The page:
One of the freaky fruits they sent was a pomegranate. It's not too freaky, but can leave bloody pools all over your workspace. I have a trick to getting out all of the arils with minimal carnage. I'll share in a second. But, first a bit about the fruit.

Originally from Persia, pomegranates are one of the oldest cultivated fruits. Ancient Romans used the skins in the process of tanning leather. Perhaps due to the fruit's princely blossom crown, it has gained distinction as a royal fruit. Chaucer, Shakespeare and Homer have all extolled the virtues of the pomegranate in literature. The Moors brought the seedy fruit to Spain where Granada was named for it. The first pomegranate was planted in Britain by King Henry VIII. It reached our shores by way of the Spanish conquistadors.

This is my tried and true method for getting out every single aril without making my counter look like I massacred something...

Roll the fruit around on the counter gently - not so much that you crush the arils, but enough to loosen the fruit from the skin. Slice the fruit in half. Submerge the two halves in a bowl of cool water and gently the edges to open the fruit. Turn the half upside down in the water and hit it with the back of a wooden spoon. The arils will fall into the water with the seeds sinking to the bottom and any pieces of pith floating to the top. Remove any stragglers with your fingers. Scoop out any pith and drain. Voilà!

Tagine

Because of the pomegranate's Persian roots, I decided to make this dish in my tagine, but you can easy use a Dutch oven or an pot in which you braise. A tajine or tagine is a Maghrebi dish named after the earthenware pot in which it is cooked. So, it refers to both the cooking vessel and the resulting food; it is also called a maraq/marqa in North Africa and the Middle East. It's a pretty amazing pot.

Mentions of the tagine date back to Harun al-Rashid who was a ruler of the Early Muslim conquests and it appears in the 9th century collection of stories One Thousand and One Nights. At the same time, it was noted during the Islamic reign of the Abbasid Empire that stretched from the Middle East/Asia to North Africa and Andalusia.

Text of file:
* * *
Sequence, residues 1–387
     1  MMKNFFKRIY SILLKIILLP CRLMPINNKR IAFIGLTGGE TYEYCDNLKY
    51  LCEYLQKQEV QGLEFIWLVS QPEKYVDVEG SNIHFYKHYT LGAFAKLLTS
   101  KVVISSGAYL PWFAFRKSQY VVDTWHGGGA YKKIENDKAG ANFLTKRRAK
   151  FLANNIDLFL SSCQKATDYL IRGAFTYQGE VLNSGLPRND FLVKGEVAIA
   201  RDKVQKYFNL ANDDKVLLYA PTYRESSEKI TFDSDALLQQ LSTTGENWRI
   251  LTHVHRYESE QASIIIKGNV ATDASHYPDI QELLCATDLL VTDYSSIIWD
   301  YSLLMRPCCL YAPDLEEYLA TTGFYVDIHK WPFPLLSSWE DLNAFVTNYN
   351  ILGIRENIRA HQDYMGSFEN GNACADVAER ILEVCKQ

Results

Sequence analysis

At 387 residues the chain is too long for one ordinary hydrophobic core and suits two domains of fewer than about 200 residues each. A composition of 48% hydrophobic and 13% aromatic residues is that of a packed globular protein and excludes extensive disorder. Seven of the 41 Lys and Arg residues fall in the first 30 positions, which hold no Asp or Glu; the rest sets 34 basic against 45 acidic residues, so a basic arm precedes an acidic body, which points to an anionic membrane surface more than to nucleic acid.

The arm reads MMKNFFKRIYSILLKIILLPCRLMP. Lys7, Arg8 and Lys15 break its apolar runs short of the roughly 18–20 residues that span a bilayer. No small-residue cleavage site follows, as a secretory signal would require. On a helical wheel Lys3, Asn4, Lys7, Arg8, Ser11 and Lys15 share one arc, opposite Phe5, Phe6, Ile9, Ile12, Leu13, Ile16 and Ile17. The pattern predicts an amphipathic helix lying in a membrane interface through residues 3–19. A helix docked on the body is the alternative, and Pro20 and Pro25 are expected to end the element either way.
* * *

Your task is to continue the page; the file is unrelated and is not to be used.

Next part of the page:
The dish was used by nomadic Bedouin people of the Arabian Peninsula, who added dried fruits such as dates, apricots and plums to it. Tagine is traditionally cooked over hot charcoal with the shape of the lid acting as a self-basting tool. The circular base is flat with low sides and the cover is a large cone-shape that sits on the base during cooking. The cover is designed to collect all condensation and re-direct to back to the bottom.

Pomegranate Chicken Tagine

Ingredients serves 8
  • 6 cloves garlic, peeled and pressed
  • ¼ t saffron threads, pulverized
  • ½  t ground ginger
  • 1 t ground cinnamon
  • ½ t ground cumin
  • ½ t ground cardamom
  • 8 chicken thighs  or a whole chicken, cut in 8 to 10 pieces
  • 2 T olive oil
  • 2 medium onions, peeled and quartered
  • 2 cinnamon sticks
  • freshly ground salt
  • freshly ground pepper
  • 2 C chicken stock
  • 2 T pomegranate molasses
  • 1 pomegranate, deseeded (as described above) for serving
  • cooked rice for serving


Procedure
Blend garlic, saffron, ginger, cinnamon, cumin, and cardamom together. Rub chicken with mixture, cover, refrigerate and marinate 3 to 4 hours. 

Heat half of the oil in heavy skillet, or base of the tagine. Add chicken and brown on all sides. Heat the remaining oil in the tagine. Add onions and cook over medium-low heat until lightly browned.

Tuck the cinnamon sticks into the onions and place the browned chicken on top of that.

Pour stock over chicken and drizzle with pomegranate molasses. Sprinkle with salt and pepper. Bring to a boil, then cover. Reduce to a simmer and cook for 30 minutes.


To serve, place a scoop of cooked rice on an individual serving plate. Top with braised chicken and cooked onions. Sprinkle with pomegranate arils and serve immediately. I served this with a lightly dressed wild arugula salad.

You may find Melissa's...
on the web, Facebook, Twitter, Pinterest, and Instagram

*Disclosure: I received product for free from the sponsor for recipe development, however, I have received no additional compensation for my post. My opinion is 100% my own and 100% accurate.